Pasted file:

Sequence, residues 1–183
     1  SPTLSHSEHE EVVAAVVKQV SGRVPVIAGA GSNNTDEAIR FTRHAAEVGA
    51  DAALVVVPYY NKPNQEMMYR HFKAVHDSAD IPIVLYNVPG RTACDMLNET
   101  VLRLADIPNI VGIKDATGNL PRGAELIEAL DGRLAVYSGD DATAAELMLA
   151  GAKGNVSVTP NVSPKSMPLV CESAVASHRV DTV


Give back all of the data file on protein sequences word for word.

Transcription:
Sequence, residues 1–183
     1  SPTLSHSEHE EVVAAVVKQV SGRVPVIAGA GSNNTDEAIR FTRHAAEVGA
    51  DAALVVVPYY NKPNQEMMYR HFKAVHDSAD IPIVLYNVPG RTACDMLNET
   101  VLRLADIPNI VGIKDATGNL PRGAELIEAL DGRLAVYSGD DATAAELMLA
   151  GAKGNVSVTP NVSPKSMPLV CESAVASHRV DTV